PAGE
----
Issues of foreign policy are usually an afterthought in State of the Union addresses, and Mr Biden assured voters when he campaigned for president in 2020 that his foreign policy experience would bring stability to the world stage after a tumultuous Trump administration.

It hasn’t turned out that way.

After a chaotic US withdrawal from Afghanistan that dented perceptions of Mr Biden’s international competence, Russia invaded Ukraine and the 7 October attack on Israel by Hamas sparked a new war in Gaza – heightening regional instability.

Mr Biden enters this presidential campaign with a country split on providing Ukraine and Israel with US aid, and both conflicts are on the verge of spinning out of his control.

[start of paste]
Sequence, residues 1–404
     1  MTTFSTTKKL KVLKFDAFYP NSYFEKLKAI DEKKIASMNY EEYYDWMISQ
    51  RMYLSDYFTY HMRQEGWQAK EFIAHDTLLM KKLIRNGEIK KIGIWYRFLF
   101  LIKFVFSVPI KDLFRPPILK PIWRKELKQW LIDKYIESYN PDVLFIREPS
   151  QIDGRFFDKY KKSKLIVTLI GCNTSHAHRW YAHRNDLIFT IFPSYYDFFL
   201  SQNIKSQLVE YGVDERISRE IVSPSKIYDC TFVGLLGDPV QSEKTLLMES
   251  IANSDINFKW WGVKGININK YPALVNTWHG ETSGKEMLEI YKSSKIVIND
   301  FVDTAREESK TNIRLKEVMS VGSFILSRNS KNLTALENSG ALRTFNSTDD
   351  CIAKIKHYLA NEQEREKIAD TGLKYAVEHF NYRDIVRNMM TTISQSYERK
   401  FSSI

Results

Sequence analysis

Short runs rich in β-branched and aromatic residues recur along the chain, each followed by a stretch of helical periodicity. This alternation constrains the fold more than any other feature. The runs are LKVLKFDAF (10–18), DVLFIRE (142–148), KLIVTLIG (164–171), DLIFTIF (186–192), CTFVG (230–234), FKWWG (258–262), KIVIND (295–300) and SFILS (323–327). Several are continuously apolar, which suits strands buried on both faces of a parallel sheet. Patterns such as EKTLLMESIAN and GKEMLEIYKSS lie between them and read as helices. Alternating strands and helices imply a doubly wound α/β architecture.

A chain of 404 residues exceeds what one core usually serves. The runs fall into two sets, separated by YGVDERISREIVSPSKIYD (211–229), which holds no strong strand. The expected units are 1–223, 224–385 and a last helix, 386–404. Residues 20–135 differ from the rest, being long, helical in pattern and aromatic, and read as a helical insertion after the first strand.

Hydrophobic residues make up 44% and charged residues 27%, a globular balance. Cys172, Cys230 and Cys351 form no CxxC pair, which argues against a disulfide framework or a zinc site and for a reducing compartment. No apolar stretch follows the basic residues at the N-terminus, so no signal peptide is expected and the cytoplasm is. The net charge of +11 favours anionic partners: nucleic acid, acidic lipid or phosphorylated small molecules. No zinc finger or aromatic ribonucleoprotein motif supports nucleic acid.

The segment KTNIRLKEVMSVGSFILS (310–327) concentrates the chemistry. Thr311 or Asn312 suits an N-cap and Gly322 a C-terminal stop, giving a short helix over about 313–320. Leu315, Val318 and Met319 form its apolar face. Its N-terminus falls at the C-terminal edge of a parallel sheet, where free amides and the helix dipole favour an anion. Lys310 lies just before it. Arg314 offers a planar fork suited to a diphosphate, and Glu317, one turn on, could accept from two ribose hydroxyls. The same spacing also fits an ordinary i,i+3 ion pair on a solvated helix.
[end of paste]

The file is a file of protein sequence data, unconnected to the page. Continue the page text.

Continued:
Republicans in the House of Representatives have blocked a vote for tens of billions of dollars in additional Ukraine military support for months now. Meanwhile, Mr Biden’s Democratic coalition has been fractured by his vocal support for Israel and its military campaign.

To avoid these issues becoming a political liability over the coming months Mr Biden may use his speech to try to argue that he managed to take a bad global situation and kept it from getting much worse.